Abu Dhabi, UAEMonday 20 May 2019

Cyber risk and disasters top fears for businesses in 2019

Allianz Risk Barometer 2019 survey finds companies are also worried about effects of US-China trade tensions and the ongoing Brexit saga

A global survey found most business chiefs consider cyber breaches as a leading corporate risk in 2019. Reuters
A global survey found most business chiefs consider cyber breaches as a leading corporate risk in 2019. Reuters

Cyber risks and unforeseen interruptions to business are the top commercial risks globally in 2019 and beyond, according to a survey.

Cyber breaches are most feared while interruption to operations – loss due to disaster-related closure or due to rebuilding after a catastrophe – scenarios are becoming more complex with rising costs globally, according to Allianz Risk Barometer 2019, an annual corporate risk survey.

“Companies need to plan for a range of disruptive scenarios and triggers, as this is where their big exposure lies in today’s networked society,” said Chris Hirs, chief executive of Allianz Global Corporate & Specialty.

Thirty seven per cent of respondents considered cyber attacks and business interruptions among the top risks faced by the corporate world today.

Disruptive risks can be physical, such as fire or storms, or virtual, such as an IT outage that can be caused by malicious and accidental means, said Mr Hirs.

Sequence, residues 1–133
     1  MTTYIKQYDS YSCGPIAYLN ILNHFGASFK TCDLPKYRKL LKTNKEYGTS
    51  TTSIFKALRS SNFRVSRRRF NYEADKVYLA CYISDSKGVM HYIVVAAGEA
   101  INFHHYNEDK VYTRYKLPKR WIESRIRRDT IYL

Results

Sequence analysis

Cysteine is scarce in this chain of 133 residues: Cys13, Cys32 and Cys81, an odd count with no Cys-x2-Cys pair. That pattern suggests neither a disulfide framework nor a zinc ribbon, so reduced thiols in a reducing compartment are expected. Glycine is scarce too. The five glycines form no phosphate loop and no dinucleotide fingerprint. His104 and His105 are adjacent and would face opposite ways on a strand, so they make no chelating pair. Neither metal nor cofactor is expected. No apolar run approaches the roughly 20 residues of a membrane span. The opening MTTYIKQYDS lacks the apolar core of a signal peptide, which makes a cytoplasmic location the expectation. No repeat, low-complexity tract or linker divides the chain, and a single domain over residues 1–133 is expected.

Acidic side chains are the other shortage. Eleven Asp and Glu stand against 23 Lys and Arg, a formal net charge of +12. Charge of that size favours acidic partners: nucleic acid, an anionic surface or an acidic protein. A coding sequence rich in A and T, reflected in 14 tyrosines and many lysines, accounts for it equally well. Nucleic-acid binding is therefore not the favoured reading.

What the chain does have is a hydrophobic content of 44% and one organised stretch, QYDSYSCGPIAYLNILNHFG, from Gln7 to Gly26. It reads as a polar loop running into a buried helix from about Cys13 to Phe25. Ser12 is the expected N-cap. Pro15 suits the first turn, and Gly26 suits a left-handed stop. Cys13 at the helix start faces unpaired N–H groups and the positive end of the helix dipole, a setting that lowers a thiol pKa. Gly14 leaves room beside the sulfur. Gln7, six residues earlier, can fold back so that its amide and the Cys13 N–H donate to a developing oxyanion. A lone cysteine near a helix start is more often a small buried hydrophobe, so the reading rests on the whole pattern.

“Whatever the trigger, the financial loss for companies following a standstill can be enormous.”

Companies are also worried year-on-year about matters such as US-China trade tensions, rising tariffs and the Brexit issue, with 27 per cent of respondents considering legislation and regulation as a major corporate challenge in 2019.

The survey polled 2,415 business experts from 86 countries, including chief executives, risk managers, brokers and insurance professionals.

Business interruption has been the top threat for companies worldwide for seven years but this year it is joined by cyber concerns as the leading global risk.

“Potential business interruption scenarios are becoming ever more diverse and complex in a globally connected economy, including breakdown of core IT [information technology] systems, product recalls or quality issues, terrorism or political rioting or environmental pollution,” said the report.

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Both cyber and business interruption risks are increasingly interlinked as ransomware attacks or accidental IT outages often result in disruption of operations and services, costing hundreds of millions of dollars.

Around $600 billion, nearly 1 per cent of global domestic product, is lost to cybercrime each year, up from 2014 global losses of nearly $445bn, according to a report last year by Centre for Strategic and International Studies based in Washington.

For the first time, shortage of skilled workers appeared among the 10 top business risks globally as well as for many countries including the US, Australia, the UK and nations in Central and Eastern Europe. It is driven by factors such as changing demographics, Brexit uncertainty and a shallow pool of talent in the digital economy.

“Skilled workforce – and human capital more generally – has become the scarce resource of the digital economy,” said Ludovic Subran, deputy chief economist of Allianz.

Competition is fierce to hire new recruits with competencies in artificial intelligence and data science as most of these jobs did not exist 10 years ago, said Mr Subran.

Updated: January 17, 2019 06:22 PM

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